Cookbooks Galore

Cover of the book

It’s the start of a new school year. Everyone is getting settled into their new routines. I for one have spent most of the past month eating out every day. In an effort to curb this bad habit I decided to check out some cookbooks and try to improve my skills in the kitchen. Now I’m sharing what I found with you all in hopes to inspire more people to become amateur chefs with me. 

I broke down the list into four levels: Dorm Friendly, Beginner, Medium and Advanced, so you can check out the books that fit your experience level and what equipment you have at your disposal. There are hundreds of options beyond this including books for nearly every specific cuisine and type of cooking you can think of.

University of Michigan is also the owner of the Janice Bluestein Longone Culinary Archive. They have a ton of historic and contemporary cookbooks available to view in the Special Collections Research Center. They don’t just have cookbooks, but menus, calendars, manuals, fiction, and boxes full of ephemera you can explore for leisure or research purposes. 

My final plug is that if there is a specific cookbook you want and can’t find in our catalog, try Interlibrary Loan to see if we can get it from another library. Now on to the recommendation list! 


Dorm Friendly:

Ultimate Dining Hall Hacks - Written by a recent graduate who experimented with ingredients available in her dining hall to create different recipes. She shares her alternatives to the dining hall’s prepared meals in this cute, easy to read book. The recipes are max four steps long and factor in lack of supplies and cooking equipment. 

PETA’s Vegan College Cookbook - The introduction provides some basic information about eating vegan and what replacements to use for meat, dairy and eggs. It contains very simple vegan recipes that only require having access to a microwave. 


Beginner Level (access to stove and basic kitchen equipment required):

Starting Out: The Essential Guide to Cooking on Your Own - This book assumes you know nothing about a kitchen. It goes through proper care of kitchen equipment and how to purchase simple things, such as chicken. There are a lot of beginner level recipes to get you started with cooking. 

The Quick and Easy College Cookbook - The recipes are between 2-5 steps and for the most part have short ingredient lists. I’d say it is a good beginner book for someone moving into an apartment for the first time.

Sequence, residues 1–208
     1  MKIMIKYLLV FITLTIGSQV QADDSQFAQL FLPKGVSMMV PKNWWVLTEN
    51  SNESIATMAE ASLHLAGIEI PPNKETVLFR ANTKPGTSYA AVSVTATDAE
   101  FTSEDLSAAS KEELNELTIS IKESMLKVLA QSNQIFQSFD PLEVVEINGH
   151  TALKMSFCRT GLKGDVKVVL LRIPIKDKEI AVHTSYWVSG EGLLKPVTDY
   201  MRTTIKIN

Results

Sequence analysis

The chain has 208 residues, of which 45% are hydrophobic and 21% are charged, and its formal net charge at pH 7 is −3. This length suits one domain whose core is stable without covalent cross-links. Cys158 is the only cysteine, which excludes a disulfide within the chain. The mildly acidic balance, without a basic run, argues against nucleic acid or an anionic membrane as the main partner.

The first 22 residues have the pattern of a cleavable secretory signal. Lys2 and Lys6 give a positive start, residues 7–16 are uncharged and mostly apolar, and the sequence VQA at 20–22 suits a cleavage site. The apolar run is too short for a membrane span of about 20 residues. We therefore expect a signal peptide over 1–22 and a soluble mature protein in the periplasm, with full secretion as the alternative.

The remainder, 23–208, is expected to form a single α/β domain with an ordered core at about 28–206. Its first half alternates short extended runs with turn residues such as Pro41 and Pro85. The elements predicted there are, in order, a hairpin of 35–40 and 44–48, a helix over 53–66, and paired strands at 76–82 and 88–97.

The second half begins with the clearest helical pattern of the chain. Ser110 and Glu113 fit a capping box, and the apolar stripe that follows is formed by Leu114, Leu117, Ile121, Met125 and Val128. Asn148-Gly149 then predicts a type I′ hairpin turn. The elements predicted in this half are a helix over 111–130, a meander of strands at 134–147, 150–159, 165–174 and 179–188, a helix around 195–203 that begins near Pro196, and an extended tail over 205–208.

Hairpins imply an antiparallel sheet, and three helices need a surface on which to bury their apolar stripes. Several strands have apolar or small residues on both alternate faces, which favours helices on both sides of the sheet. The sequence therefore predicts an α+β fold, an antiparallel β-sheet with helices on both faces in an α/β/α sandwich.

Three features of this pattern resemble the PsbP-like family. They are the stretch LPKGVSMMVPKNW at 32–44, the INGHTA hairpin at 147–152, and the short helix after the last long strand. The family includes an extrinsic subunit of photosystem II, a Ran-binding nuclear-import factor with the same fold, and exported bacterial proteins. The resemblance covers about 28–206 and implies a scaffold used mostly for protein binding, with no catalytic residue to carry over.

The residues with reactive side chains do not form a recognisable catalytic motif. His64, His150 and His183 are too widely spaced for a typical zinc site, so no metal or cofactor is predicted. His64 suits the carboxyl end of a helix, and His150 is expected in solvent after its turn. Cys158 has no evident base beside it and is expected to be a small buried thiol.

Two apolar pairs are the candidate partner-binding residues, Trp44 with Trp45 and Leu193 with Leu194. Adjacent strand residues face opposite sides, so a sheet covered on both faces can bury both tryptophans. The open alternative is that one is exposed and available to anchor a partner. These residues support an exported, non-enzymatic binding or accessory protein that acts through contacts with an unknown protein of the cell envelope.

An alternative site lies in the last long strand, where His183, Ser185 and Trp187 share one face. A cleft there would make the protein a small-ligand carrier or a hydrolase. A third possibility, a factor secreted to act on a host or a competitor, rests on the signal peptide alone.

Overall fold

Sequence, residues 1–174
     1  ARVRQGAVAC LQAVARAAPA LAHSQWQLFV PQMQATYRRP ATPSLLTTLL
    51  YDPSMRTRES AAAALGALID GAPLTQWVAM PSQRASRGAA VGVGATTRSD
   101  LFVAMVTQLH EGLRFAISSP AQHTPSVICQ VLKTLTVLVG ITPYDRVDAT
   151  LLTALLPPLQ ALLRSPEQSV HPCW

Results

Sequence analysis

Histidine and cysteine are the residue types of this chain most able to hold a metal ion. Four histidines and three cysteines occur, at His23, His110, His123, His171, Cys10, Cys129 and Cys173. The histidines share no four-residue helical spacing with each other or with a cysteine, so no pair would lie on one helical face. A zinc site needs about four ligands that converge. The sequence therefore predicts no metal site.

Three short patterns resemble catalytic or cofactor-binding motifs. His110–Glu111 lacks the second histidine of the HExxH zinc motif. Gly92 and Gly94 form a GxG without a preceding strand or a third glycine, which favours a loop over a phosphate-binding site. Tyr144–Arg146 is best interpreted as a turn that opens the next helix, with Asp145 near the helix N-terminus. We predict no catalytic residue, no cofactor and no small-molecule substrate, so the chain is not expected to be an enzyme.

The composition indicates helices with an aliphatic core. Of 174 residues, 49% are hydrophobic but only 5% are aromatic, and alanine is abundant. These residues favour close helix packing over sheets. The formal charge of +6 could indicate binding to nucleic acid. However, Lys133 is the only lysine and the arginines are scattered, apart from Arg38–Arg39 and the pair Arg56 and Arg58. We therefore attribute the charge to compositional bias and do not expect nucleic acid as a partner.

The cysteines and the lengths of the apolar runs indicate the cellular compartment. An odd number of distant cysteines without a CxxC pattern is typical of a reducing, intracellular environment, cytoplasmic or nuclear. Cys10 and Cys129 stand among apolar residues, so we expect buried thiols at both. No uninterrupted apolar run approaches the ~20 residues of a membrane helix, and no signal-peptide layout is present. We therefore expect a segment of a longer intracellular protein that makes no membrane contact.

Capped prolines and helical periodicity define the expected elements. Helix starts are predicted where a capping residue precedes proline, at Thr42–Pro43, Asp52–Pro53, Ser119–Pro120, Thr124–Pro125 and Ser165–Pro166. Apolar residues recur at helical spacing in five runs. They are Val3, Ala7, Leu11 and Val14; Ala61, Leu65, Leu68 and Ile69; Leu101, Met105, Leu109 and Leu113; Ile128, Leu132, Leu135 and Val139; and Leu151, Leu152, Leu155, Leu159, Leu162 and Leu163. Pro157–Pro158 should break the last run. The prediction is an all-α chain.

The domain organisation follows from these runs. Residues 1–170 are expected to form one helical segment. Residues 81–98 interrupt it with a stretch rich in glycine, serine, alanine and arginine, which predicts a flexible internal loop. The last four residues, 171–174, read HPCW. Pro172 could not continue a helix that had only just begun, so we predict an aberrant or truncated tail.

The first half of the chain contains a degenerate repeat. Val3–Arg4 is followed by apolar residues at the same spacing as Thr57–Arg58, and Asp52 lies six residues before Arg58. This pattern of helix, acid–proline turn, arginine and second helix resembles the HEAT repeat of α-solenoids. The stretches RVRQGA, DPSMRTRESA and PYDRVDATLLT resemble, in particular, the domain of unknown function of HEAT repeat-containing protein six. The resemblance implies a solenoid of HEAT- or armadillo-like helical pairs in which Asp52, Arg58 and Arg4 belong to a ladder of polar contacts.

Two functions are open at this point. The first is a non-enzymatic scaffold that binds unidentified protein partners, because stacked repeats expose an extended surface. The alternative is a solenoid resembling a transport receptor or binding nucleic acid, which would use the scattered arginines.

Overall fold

The Healthy College Cookbook - Another book written by recent college graduates, well actually they were still in college when the first edition was written. The book has 300 recipes, most of which are extremely easy to take on. This book also expects little kitchen knowledge. Includes basic nutrition information for all of the recipes.

Student's Go Vegan Cookbook - A fairly short book that jumps straight into the 135 vegan recipes included. 


Medium Difficulty:

The Hungry Student Cookbook - This book relies on some previous knowledge of cooking, getting into longer recipe lists and cook times. The ingredients are also a little more costly, but still all available in an Ann Arbor grocery store.  The book itself is full of beautiful pictures, so if you know you’re way around a kitchen I would check this book out. 

How to Cook Everything and How to Cook Everything Vegetarian - These literally have a little bit of everything. So much so that I found them kind of overwhelming. There are some super simple recipes included, but also quite a few with more complex recipe and instruction lists. It is on pretty much every list of best cookbooks, so keep that in mind when deciding if you want to check it out. 

The Vegetable Butcher - This is not a traditional cookbook with just a long list of recipes. Instead she goes in depth on every vegetable you can think of and how to prepare it. There are photos included of her cleaning and cutting each vegetable, plus hints on what to pair it with and a few short recipes you can include it in. 

Baking: From My Home to Yours - Pick up this book if you want all things dessert. Baking is inherently more complicated due to the chemistry involved, but the recipes are very detailed, so you can hopefully avoid mistakes. 


Advanced Chefs:

Mastering the Art of French Cooking - Another book on every list of best cookbooks. Penned by Simone Beck, Louisette Bertholle, and Julia Child in 1961, this two volume book focuses on mastering difficult cooking techniques rather than just feeding yourself. 



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